"I don't know if I'd give Ween a chance if I heard about us," says guitarist Mickey Melchiondo Jr. (aka Dean Ween, aka Deaner). "People need to put a label on something. They need to identify it with something, so the humor in our music is usually the first thing that they target."
Over the course of their now-27-year career — a discographical hodgepodge of head-first flirtations with styles as wide-ranging as punk, prog, R&B, world and any and everything in between, cast through their own dilated pupils of oddball pop and prodigious chops — no other band in rock has ever really lived up to the term "genre-benders" more completely than Ween.
But — as anyone familiar with their varied, vast canon of demented, lo-fi works of art rock (Pure Guava and The Pod), piss-take, maniacal musical-history lessons (Chocolate and Cheese), and lush, expansive exercises in progressive-pop (The Mollusk, White Pepper) can tell you — trying to place Ween in any one idiomatic pigeonhole is like trying to win at Whac-a-Mole.
Nevertheless, those who know the band only from their days as quirky MTV buzz-binners (or their cameo in the 1994 film and multiple Golden Raspberry Award nominee It's Pat) still think of them as a novelty act. But if Ween were a novelty act, they would've paid homage to an artist like, say, Prince, possibly by writing and recording a cute, throwaway parody like, say, Beck's "Debra."
Instead, the band — led by duo Gene (Aaron Freeman) and Dean (Melchiondo) — opted for "Roses Are Free," a Paisley Park-meets-trailer park triumph in pop hookery that not only sounds like a Prince hit, but is actually as good as one to boot. It just happens to use the imagery of melon slabs, wrinkled raisins, lasagna heaps and throwing pumpkins at trees to convey how man's ultimate challenge is to see situations as they truly are, and squeeze as much joy as one can out of life without bummin' anyone else's trip. Also, Gene and Dean aren't exactly sexy motherfuckers like The Artist — or The Scientologist Currently Known as Beck.
While it isn't all a joke with Ween, few rockers laugh as much — or as hard — as Melchiondo does when speaking to the Scene. But just as the riotously candid Ween co-leader and co-founder never wastes an opportunity to crack wise, he spares no humbling self-observation, and doesn't pull any punches when talking about his band's quarter-century rollercoaster ride as one of underground rock's most celebrated cult phenoms.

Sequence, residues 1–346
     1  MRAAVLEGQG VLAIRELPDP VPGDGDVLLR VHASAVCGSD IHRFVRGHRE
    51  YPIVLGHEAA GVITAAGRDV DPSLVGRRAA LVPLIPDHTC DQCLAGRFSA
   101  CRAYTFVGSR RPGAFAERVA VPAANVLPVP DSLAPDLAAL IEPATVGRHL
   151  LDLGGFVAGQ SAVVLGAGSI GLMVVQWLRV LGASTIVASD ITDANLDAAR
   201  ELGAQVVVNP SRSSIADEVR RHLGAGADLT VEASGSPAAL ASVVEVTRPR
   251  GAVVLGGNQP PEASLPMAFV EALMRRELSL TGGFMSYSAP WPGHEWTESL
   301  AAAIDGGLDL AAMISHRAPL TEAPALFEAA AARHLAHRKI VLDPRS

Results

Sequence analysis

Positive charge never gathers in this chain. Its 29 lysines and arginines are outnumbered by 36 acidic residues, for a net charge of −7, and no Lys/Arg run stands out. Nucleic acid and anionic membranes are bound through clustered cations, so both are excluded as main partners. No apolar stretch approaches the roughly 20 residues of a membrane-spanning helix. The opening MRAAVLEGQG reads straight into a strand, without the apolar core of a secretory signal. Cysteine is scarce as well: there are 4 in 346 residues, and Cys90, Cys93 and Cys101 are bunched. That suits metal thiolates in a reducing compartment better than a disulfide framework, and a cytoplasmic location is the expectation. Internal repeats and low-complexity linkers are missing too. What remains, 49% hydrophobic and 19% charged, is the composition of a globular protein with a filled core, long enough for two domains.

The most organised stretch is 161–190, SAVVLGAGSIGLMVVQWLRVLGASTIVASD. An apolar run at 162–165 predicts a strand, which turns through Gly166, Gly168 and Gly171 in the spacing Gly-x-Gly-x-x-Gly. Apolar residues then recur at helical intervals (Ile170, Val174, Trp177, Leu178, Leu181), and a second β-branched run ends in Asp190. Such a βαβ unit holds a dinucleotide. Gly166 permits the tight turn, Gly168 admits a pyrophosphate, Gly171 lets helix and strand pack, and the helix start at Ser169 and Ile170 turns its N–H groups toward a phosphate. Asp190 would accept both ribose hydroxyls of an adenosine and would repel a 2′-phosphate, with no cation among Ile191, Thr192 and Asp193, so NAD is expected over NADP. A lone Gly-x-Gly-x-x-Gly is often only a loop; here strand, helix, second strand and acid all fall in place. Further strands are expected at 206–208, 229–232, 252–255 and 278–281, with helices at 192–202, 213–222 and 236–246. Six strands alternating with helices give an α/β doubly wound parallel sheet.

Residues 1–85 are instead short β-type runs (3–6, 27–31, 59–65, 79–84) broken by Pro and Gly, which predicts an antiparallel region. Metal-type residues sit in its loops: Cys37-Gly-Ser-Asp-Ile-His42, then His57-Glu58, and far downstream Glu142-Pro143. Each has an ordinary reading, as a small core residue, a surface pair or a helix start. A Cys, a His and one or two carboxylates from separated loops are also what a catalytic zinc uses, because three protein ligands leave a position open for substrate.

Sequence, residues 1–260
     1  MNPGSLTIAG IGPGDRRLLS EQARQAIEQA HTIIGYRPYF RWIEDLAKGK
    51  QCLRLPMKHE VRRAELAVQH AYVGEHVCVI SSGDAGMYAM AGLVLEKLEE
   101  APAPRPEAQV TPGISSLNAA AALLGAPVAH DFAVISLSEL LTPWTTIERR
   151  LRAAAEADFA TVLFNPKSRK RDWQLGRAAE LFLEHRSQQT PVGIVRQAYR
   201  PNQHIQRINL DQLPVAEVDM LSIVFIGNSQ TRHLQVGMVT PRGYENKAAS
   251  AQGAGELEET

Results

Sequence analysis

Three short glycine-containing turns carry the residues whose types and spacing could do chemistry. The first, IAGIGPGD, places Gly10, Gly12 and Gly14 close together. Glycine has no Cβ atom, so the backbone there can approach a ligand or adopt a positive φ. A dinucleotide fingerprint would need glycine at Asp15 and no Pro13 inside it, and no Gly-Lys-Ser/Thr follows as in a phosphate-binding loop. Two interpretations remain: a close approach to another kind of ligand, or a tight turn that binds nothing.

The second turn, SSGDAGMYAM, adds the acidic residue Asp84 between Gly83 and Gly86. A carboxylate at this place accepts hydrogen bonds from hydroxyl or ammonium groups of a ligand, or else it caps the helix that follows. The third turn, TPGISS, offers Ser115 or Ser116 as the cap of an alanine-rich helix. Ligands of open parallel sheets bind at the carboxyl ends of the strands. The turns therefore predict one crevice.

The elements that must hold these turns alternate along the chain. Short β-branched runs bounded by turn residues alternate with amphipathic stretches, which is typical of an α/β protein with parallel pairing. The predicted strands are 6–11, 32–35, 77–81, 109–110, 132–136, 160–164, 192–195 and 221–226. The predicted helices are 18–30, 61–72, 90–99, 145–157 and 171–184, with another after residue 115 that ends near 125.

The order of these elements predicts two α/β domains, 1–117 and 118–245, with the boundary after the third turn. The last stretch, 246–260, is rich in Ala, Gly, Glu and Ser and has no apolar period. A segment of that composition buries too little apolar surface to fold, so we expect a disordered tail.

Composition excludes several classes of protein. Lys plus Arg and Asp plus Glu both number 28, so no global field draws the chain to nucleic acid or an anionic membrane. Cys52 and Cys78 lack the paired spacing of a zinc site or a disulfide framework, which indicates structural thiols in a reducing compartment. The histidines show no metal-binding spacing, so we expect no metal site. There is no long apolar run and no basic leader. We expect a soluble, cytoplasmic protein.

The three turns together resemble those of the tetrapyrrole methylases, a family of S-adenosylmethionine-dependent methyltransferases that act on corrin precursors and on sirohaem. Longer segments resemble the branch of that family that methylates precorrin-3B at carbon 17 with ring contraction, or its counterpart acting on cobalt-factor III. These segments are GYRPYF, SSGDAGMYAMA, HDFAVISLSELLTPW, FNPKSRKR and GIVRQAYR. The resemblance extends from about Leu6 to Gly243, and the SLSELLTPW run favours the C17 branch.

"I remember, like, way back when we were 15 years old, we used to joke about being in the place we are now. Like, having beards and divorces and wives and kids. And how we wanted to be lame at this point," Melchiondo says with a chuckle. "I wouldn't say I ever expected it [to last], but I am not surprised. It's like being sentenced to death, being in this band."
But Ween have had their share of surprising milestones. The fact that a record like 1992's Pure Guava was, warts and all, released by a major label (Elektra) isn't only a staggering triumph of art over artifice — it's also one of those magic moments when something truly wacked-out slips through the cracks and makes its way before the eyes of 11-year-olds watching Beavis and Butthead (as was the case with the "Push the Little Daisies" clip). Moreover, Pure Guava was perhaps the most tangible example of the risks major record companies (remember those?) were willing to take in the wake of Nirvana opening the alt-rock flood gates.
"That was a really pretty cool time. It's really easy to mark a bad time and say shit was so much better 20 years ago. But that was actually true in that era," Melchiondo says, reminiscing on Ween's days playing MTV Spring Break, sandwiched between RuPaul and Mötley Crüe. "That was around the time when bands like Pearl Jam and The Red Hot Chili Peppers were right up on the top of the charts next to the Mariah Careys and Janet Jackson."
Throughout the Clinton-era ups and the Bush-era downs — drug problems, uneven record sales and a serious auto accident, which temporarily sidelined criminally underrated and regrettably uninsured longtime drummer Claude Coleman — Ween have never slowed their roll. Instead, they've cultivated what is perhaps rock's most diverse niche audience through a relentless commitment to the road, and through consistently outdrawing mainstream and cult contemporaries alike with one of the most consistently lauded live shows on the midlevel circuit. Melchiondo does have one regret, however, given the 27 years — 27 lives, really — he and Freeman have dedicated to the band: "I wish we had some money, but we don't have any money. No, really. Honest to God."
Currently, Ween don't have a new record to promote, and Melchiondo says fans shouldn't expect to see anything outside the standard modus operandi on Thursday night. "We have nothing special planned," he says. "We're just going to [play] our songs."
Of course, anyone who's seen Ween before knows all about their mind- and mood-altering three-hour onstage party — set to an onslaught of assorted catalog cuts and true-to-form left-field cover selections (often including Metallica's "Enter Sandman," CSNY's "Ohio" or David Bowie's "Let's Dance") and bolstered by one of the most musically adept backing bands this side of King Crimson. It's an experience that's sure to send shivers of shock and awe across their faithful — not to mention their incoming demographically and diametrically opposed cult of punks, metalheads, hippies, folkies and frat boys who uncannily coalesce under the band's big stylistic tent.
While Melchiondo hazards that his aim is to capitalize on the band's dynamic repertoire and tailor every show's set list like a mix-tape compiled specifically for each crowd, he suspects there's a greater force at work unifying their far-flung followers: the love of marijuana. "It's probably the common denominator anyway," he says.
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